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dc.contributor.advisorMichelle Kelliher
dc.contributor.authorZelic, Matija
dc.date2022-08-11T08:08:46.000
dc.date.accessioned2022-08-23T16:07:53Z
dc.date.available2022-08-23T16:07:53Z
dc.date.issued2018-01-18
dc.date.submitted2018-01-31
dc.identifier.doi10.13028/M2GQ3V
dc.identifier.urihttp://hdl.handle.net/20.500.14038/32337
dc.description.abstractNecroptosis, a type of regulated necrotic cell death, involves cell membrane permeabilization and has been implicated in various acute and chronic pro-inflammatory diseases, including ischemia-reperfusion injury and neurodegenerative diseases. By using in vitro reconstitution studies and a chemical inhibitor, the kinase activity of the serine/threonine kinase RIPK1 had been shown to regulate necroptotic signaling downstream of TNF and Toll-like receptors (TLRs). To investigate the contribution of RIPK1 kinase activity to inflammation and necroptosis in vivo, we generated kinase inactive RIPK1 knock-in mice. Utilizing fibroblasts and macrophages from these mice, we demonstrate that RIPK1 kinase activity is required for necroptotic complex formation and death induction downstream of TNFR1 and TLRs 3 and 4. We show that RIPK1 kinase inactive mice are resistant to TNF-induced shock and exhibit impaired upregulation of TNF-induced cytokines and chemokines in vitro and in vivo. By using bone marrow reconstitution experiments, we demonstrate that RIPK1 kinase activity in a non-hematopoietic lineage drives TNF-induced lethality. We establish that RIPK1 kinase activity is required for TNF-induced increases in intestinal and vascular permeability and clotting, and implicate endothelial cell necroptosis as an underlying factor contributing to TNF/zVAD-induced shock. Thus, work in this thesis reveals that RIPK1 kinase inhibitors may have promise in treating shock and sepsis.
dc.language.isoen_US
dc.rightsLicensed under a Creative Commons license
dc.rights.urihttp://creativecommons.org/licenses/by/4.0/
dc.subjectInflammation
dc.subjectcell death
dc.subjectRIPK1
dc.subjectTNF
dc.subjectshock
dc.subjectsepsis
dc.subjectOther Immunology and Infectious Disease
dc.titleThe Role of RIPK1 Kinase Activity in Regulating Inflammation and Necroptotic Death
dc.typeDoctoral Dissertation
dc.identifier.legacyfulltexthttps://escholarship.umassmed.edu/cgi/viewcontent.cgi?article=1958&context=gsbs_diss&unstamped=1
dc.identifier.legacycoverpagehttps://escholarship.umassmed.edu/gsbs_diss/952
dc.legacy.embargo2019-01-31T00:00:00-08:00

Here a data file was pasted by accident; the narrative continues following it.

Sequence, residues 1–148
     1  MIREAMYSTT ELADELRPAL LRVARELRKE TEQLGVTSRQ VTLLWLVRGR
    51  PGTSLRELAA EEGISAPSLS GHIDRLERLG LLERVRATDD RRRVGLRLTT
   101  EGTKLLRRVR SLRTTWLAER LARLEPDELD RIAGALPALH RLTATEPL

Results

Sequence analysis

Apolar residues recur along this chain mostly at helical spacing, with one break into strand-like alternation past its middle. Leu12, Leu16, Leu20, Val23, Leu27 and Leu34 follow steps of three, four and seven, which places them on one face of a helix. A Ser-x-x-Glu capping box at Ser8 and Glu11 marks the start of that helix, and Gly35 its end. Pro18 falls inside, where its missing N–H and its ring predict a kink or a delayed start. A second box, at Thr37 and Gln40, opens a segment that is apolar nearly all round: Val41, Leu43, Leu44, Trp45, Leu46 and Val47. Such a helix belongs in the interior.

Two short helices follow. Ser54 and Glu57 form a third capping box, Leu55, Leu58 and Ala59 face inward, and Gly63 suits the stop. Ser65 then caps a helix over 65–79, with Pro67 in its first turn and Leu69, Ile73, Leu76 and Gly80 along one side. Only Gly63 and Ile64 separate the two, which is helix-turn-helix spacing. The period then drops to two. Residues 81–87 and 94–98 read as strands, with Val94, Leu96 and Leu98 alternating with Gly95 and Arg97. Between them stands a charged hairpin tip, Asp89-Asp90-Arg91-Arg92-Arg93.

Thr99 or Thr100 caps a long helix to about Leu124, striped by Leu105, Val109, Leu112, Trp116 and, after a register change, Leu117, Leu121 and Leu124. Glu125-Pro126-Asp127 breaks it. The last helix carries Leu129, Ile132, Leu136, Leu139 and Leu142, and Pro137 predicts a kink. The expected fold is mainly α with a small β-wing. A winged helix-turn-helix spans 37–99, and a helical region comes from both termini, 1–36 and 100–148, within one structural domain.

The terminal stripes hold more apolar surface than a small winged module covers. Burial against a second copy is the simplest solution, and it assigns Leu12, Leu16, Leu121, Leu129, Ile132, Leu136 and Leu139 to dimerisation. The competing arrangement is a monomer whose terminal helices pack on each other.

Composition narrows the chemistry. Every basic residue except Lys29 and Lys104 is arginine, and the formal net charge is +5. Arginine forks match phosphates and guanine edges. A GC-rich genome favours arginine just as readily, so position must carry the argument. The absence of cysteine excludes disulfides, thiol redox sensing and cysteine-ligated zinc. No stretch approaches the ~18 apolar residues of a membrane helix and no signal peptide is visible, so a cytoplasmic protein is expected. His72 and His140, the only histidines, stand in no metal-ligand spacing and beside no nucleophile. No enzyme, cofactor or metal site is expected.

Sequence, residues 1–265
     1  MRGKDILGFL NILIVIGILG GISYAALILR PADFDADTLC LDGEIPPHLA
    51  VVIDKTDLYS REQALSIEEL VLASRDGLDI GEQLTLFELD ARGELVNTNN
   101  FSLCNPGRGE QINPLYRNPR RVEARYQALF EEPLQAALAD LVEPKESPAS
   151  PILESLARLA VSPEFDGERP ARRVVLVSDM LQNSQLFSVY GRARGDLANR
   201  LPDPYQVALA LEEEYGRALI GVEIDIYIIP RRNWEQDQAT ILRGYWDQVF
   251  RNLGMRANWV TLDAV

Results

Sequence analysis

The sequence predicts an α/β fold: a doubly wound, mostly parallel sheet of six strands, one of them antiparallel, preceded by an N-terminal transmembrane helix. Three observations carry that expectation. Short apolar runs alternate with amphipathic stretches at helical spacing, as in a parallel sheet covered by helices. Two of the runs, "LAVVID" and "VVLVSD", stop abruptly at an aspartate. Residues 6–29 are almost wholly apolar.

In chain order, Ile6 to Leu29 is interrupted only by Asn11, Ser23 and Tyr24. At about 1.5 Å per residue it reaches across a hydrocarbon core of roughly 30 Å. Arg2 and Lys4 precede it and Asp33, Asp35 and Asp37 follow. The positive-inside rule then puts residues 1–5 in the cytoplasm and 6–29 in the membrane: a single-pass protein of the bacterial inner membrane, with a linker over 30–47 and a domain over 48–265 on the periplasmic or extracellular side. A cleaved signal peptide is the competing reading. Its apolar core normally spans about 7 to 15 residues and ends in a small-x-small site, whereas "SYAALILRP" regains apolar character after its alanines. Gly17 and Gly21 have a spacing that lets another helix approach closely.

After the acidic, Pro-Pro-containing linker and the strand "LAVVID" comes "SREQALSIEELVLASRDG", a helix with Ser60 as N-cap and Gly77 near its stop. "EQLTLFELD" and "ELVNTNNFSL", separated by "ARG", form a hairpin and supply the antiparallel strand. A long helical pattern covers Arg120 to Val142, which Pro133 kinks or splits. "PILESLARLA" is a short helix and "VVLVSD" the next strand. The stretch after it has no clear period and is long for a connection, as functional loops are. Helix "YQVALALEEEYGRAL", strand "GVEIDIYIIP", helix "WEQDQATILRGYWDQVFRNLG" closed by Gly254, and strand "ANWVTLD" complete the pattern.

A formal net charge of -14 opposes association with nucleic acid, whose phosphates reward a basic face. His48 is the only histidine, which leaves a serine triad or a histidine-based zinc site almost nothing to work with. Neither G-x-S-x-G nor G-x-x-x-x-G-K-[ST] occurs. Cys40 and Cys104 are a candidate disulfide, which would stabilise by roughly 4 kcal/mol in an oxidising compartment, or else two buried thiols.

dc.identifier.contextkey11459699
refterms.dateFOA2022-08-24T04:31:28Z
html.description.abstract<p>Necroptosis, a type of regulated necrotic cell death, involves cell membrane permeabilization and has been implicated in various acute and chronic pro-inflammatory diseases, including ischemia-reperfusion injury and neurodegenerative diseases. By using in vitro reconstitution studies and a chemical inhibitor, the kinase activity of the serine/threonine kinase RIPK1 had been shown to regulate necroptotic signaling downstream of TNF and Toll-like receptors (TLRs). To investigate the contribution of RIPK1 kinase activity to inflammation and necroptosis <em>in vivo</em>, we generated kinase inactive RIPK1 knock-in mice. Utilizing fibroblasts and macrophages from these mice, we demonstrate that RIPK1 kinase activity is required for necroptotic complex formation and death induction downstream of TNFR1 and TLRs 3 and 4. We show that RIPK1 kinase inactive mice are resistant to TNF-induced shock and exhibit impaired upregulation of TNF-induced cytokines and chemokines <em>in vitro</em> and <em>in vivo</em>. By using bone marrow reconstitution experiments, we demonstrate that RIPK1 kinase activity in a non-hematopoietic lineage drives TNF-induced lethality. We establish that RIPK1 kinase activity is required for TNF-induced increases in intestinal and vascular permeability and clotting, and implicate endothelial cell necroptosis as an underlying factor contributing to TNF/zVAD-induced shock. Thus, work in this thesis reveals that RIPK1 kinase inhibitors may have promise in treating shock and sepsis.</p>
dc.identifier.submissionpathgsbs_diss/952
dc.contributor.departmentMolecular, Cell and Cancer Biology
dc.description.thesisprogramCancer Biology
dc.identifier.orcid0000-0003-4901-5580


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